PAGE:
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Journal Article

Citation

Shcherbakov R, Zhuang J, Zöller G, Ogata Y. Nat. Commun. 2019; 10(1): 4051.

Affiliation

Institute of Statistical Mathematics, 10-3 Midori-Cho, Tachikawa-Shi, Tokyo, 190-8562, Japan.

Copyright

(Copyright © 2019, Holtzbrinck Springer Nature Publishing Group)

DOI

10.1038/s41467-019-11958-4

PMID

31492839

Abstract

The majority of earthquakes occur unexpectedly and can trigger subsequent sequences of events that can culminate in more powerful earthquakes. This self-exciting nature of seismicity generates complex clustering of earthquakes in space and time. Therefore, the problem of constraining the magnitude of the largest expected earthquake during a future time interval is of critical importance in mitigating earthquake hazard. We address this problem by developing a methodology to compute the probabilities for such extreme earthquakes to be above certain magnitudes. We combine the Bayesian methods with the extreme value theory and assume that the occurrence of earthquakes can be described by the Epidemic Type Aftershock Sequence process. We analyze in detail the application of this methodology to the 2016 Kumamoto, Japan, earthquake sequence. We are able to estimate retrospectively the probabilities of having large subsequent earthquakes during several stages of the evolution of this sequence.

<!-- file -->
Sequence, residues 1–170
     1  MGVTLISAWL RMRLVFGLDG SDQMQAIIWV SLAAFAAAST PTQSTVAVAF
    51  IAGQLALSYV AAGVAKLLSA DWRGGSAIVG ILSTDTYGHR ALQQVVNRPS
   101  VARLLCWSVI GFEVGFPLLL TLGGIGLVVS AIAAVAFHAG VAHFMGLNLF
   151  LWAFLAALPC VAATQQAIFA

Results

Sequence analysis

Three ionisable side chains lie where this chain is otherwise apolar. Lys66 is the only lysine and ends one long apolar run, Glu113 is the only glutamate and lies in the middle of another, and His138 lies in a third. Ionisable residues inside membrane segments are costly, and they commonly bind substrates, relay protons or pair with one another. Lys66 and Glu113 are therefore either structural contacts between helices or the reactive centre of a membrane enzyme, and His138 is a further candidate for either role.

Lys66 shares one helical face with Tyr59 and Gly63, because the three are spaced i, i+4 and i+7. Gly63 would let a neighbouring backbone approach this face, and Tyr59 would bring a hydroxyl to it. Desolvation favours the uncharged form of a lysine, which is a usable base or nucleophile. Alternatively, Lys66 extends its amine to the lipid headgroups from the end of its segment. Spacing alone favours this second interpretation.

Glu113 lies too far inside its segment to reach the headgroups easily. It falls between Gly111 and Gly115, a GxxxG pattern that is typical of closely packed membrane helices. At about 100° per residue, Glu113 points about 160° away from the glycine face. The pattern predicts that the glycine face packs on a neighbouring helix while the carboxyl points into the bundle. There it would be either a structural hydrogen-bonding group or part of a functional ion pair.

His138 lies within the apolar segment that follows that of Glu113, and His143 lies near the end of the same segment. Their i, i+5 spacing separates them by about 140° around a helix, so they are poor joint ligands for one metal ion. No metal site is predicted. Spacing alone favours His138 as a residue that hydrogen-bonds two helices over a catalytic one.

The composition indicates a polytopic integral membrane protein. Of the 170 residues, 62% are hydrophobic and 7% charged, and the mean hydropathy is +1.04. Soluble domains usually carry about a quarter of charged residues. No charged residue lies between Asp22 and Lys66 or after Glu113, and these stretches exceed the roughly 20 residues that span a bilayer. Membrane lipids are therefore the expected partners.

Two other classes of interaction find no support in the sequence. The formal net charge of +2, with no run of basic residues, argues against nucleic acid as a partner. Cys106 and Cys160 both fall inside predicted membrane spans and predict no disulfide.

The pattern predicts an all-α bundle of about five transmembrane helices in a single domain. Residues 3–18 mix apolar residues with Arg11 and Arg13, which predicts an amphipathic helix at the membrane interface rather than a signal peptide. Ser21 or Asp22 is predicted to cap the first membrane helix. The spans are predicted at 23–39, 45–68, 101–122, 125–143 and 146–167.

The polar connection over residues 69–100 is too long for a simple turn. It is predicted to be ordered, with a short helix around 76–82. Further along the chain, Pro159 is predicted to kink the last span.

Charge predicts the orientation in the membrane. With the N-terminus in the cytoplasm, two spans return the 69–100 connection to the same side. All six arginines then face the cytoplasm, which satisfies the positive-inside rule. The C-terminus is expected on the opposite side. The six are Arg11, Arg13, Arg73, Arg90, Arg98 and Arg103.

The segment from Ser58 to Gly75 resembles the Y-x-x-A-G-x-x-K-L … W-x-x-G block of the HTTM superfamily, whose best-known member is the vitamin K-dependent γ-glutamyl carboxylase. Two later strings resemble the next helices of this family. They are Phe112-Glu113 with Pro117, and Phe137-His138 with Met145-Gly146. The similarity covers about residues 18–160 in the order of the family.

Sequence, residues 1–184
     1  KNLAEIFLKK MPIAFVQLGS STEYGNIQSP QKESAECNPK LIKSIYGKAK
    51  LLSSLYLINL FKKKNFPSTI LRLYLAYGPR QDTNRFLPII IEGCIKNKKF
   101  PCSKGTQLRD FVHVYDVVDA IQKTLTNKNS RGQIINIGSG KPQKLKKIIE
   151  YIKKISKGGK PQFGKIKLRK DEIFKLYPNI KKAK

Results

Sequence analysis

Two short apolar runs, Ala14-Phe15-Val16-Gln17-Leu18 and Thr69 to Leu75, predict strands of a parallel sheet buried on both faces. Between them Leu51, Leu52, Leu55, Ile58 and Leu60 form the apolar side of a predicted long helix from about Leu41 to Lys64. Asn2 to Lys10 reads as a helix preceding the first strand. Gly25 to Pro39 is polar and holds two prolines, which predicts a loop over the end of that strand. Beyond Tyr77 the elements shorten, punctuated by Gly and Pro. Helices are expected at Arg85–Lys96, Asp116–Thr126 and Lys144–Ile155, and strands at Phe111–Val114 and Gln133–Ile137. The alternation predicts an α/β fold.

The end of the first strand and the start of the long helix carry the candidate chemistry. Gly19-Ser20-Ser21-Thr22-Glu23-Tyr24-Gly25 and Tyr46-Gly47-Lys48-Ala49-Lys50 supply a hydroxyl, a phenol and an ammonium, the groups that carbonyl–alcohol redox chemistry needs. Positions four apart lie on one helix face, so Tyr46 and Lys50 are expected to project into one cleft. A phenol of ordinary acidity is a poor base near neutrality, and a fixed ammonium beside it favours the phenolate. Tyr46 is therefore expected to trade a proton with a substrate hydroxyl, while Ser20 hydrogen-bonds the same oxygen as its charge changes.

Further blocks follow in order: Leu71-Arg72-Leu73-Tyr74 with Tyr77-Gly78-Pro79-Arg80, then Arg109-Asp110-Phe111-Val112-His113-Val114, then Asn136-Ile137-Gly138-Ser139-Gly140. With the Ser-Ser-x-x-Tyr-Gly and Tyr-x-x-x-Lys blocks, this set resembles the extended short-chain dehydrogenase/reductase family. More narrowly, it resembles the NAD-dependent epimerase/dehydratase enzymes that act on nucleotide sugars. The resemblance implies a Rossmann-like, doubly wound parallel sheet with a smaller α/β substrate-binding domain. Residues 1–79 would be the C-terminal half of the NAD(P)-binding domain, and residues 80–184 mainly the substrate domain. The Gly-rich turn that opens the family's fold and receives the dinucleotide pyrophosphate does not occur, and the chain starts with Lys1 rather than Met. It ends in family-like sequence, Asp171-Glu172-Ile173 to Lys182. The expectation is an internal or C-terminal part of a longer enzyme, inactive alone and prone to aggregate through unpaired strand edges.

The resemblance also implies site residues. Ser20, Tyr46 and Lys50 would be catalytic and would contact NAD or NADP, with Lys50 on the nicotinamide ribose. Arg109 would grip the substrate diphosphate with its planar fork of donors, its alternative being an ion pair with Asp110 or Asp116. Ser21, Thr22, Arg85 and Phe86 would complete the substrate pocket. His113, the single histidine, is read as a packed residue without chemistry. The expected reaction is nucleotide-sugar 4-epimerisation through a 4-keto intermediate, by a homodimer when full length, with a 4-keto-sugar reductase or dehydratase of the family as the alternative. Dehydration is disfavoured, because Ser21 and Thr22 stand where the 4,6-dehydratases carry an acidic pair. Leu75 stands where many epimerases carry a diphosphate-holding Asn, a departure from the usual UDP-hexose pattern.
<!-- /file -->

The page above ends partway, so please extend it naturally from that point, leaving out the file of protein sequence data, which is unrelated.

Language: en

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